Life with EB
"The Boy with the Butterfly Skin" is featured on CBS' "The Doctors"
John Hudson Dilgen shares what life with EB is like with Dr. Jim Sears
To say that EB impacts every aspect of a child’s life is a gross
Skin is the body’s largest organ. Among its most important functions, skin is the first line of defense to protect the body from trauma and infection. Everything we do in life impacts our skin – walking, eating, playing, sitting, writing, hugging, sleeping – the list goes on.
For children with EB, every aspect of their lives at every moment is overshadowed by this terrible disorder. These children are often born missing large areas of skin leaving gaping wounds that never heal; walking and standing are impaired over time because their toes become fused as the result of continuous injury; the simple joy of holding a crayon to draw becomes impossible because their fingers fuse and contract, turning their young hands into mittens.
During a typical day, a child with EB undergoes a special bath and bandage change. Given the large areas of skin that can be missing from such a child’s body, bathing is an extraordinarily painful experience. Bandage changes can last anywhere from 30 minutes to several hours and bandages can cost a family as much as an astounding $14,000 per month.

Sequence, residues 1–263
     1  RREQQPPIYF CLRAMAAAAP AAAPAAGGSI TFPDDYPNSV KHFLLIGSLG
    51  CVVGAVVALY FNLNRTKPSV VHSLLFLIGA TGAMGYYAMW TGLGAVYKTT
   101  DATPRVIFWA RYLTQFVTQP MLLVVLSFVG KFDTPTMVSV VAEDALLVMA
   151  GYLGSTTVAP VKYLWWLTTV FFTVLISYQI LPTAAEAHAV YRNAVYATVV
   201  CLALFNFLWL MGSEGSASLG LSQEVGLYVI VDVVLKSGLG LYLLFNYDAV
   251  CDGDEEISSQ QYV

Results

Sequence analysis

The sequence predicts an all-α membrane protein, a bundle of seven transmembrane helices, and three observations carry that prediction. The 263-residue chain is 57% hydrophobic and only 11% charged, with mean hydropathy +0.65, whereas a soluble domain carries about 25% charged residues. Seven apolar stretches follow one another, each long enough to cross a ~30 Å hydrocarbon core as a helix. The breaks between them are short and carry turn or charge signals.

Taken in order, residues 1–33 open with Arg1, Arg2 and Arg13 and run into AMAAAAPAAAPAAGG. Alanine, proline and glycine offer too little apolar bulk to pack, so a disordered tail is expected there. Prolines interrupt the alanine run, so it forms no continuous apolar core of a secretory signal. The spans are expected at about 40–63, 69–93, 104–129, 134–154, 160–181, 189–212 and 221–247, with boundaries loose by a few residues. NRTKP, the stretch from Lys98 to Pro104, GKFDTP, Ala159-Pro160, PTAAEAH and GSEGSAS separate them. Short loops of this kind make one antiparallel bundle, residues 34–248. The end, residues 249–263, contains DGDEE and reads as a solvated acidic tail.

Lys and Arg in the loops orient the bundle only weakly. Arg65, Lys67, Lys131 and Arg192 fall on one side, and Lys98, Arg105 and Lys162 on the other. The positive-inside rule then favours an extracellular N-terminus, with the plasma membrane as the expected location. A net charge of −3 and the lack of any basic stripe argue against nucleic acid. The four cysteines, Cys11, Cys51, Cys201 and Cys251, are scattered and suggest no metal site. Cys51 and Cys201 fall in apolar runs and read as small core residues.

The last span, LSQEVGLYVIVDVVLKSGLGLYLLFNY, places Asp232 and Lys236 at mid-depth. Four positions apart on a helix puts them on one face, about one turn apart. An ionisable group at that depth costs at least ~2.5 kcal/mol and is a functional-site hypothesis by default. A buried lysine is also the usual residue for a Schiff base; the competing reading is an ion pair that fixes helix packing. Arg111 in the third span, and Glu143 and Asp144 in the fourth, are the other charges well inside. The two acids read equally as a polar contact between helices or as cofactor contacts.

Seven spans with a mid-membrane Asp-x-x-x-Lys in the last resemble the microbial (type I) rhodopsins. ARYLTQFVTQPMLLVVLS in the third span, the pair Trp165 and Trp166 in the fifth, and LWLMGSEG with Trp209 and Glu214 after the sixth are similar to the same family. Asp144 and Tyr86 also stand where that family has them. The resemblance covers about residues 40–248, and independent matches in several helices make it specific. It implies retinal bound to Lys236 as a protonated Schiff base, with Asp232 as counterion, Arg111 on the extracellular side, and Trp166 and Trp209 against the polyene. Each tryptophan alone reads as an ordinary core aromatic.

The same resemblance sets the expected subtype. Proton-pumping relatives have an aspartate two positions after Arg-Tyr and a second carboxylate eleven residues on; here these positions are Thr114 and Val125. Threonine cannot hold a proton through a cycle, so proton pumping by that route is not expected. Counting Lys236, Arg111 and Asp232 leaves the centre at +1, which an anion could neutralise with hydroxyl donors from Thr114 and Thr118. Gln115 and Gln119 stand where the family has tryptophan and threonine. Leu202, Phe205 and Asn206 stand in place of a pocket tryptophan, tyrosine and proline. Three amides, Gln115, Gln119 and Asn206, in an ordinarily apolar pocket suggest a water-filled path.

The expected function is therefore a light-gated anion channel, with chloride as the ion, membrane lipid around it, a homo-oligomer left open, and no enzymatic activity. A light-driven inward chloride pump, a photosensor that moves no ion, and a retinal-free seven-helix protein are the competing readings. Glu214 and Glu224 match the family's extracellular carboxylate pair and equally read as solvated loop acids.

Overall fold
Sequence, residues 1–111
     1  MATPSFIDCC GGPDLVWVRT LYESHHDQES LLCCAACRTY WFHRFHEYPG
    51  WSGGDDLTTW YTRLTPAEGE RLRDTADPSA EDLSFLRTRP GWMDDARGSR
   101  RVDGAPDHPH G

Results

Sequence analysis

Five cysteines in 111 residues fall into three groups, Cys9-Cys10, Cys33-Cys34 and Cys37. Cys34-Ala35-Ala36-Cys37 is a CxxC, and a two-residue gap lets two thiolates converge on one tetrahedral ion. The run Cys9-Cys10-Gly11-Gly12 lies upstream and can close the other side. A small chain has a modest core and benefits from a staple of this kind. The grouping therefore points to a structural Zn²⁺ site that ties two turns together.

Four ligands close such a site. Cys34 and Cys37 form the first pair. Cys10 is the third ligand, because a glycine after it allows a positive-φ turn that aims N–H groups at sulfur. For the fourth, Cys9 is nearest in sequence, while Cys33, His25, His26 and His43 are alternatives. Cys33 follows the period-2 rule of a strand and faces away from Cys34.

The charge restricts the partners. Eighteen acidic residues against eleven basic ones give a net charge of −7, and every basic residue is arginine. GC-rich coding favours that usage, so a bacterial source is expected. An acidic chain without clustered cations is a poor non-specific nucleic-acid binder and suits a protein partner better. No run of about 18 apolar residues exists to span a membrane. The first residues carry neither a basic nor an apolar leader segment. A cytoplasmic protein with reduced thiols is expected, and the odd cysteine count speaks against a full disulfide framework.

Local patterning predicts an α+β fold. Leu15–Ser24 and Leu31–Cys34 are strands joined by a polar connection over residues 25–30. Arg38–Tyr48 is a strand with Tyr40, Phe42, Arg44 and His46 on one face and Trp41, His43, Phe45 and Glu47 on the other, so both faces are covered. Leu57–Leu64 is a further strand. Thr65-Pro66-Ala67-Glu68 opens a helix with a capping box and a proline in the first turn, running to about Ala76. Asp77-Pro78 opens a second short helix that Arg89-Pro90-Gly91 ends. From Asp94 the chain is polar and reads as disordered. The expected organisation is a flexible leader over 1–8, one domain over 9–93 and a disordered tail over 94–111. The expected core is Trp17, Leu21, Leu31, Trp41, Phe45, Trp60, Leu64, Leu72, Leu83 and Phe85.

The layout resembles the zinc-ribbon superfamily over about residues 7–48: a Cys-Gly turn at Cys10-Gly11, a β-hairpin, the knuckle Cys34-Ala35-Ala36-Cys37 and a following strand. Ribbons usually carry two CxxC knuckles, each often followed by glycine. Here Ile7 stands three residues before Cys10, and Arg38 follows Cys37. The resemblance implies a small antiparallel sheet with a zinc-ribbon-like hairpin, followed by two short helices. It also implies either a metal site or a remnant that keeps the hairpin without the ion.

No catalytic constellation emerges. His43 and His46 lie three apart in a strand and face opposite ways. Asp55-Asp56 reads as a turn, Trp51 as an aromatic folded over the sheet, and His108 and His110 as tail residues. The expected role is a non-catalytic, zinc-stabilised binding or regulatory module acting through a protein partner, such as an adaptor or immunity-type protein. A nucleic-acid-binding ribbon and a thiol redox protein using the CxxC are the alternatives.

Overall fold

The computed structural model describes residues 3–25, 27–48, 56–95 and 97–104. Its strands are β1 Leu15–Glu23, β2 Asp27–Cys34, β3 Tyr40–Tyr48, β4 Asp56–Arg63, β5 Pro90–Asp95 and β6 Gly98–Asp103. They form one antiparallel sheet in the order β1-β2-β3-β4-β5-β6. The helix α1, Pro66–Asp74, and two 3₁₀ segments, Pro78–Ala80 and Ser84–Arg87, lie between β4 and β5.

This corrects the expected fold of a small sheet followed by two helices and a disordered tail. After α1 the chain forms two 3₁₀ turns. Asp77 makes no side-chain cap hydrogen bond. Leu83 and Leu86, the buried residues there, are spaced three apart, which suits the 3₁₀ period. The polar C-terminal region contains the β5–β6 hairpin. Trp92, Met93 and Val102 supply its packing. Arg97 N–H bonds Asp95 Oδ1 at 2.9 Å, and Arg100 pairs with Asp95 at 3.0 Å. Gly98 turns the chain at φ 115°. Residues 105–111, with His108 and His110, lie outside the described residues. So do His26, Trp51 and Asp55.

For a child with EB, the joyful act of participating in sports – such as Little League or youth soccer – is often out of the question due to the skin tears, blisters and scarring that would result. Falling down on the playground can remove all the skin from their little palms or produce blisters on their knees the size of oranges. For this reason, even playing with other children can be impossible.
Like all kids, children with EB rub their eyes when they are sleepy. Only in their case, rubbing their eyes can tear their eyelids and corneas, prohibiting these children from opening their eyes in the morning without suffering extreme pain.
An EB child’s meals consist mostly of soft foods and liquids. Eating is painful and sometimes impossible because the esophagus closes due to injury and scarring, which is only temporarily reprieved by a surgical procedure in which the esophagus is stretched open. When this solution stops working, a gastric feeding tube is placed in their small bellies in order to enable proper nutrition and hopefully stave off growth retardation and anemia.
Even the fundamental act of sleeping is extraordinarily difficult because of the level of pain and discomfort that these children experience 24 hours a day. A recent study determined that approximately 50% of children with severe EB are always in pain.
Unfortunately, this describes just a fraction of what these children experience, as it does not account for the social scrutiny and the stares that they receive by simply walking or being wheeled down the street. In its entirety, EB impacts vision, speech, nutrition, mobility and indeed every single aspect of a child’s life. Simply put, this disease prevents a child from just being a child.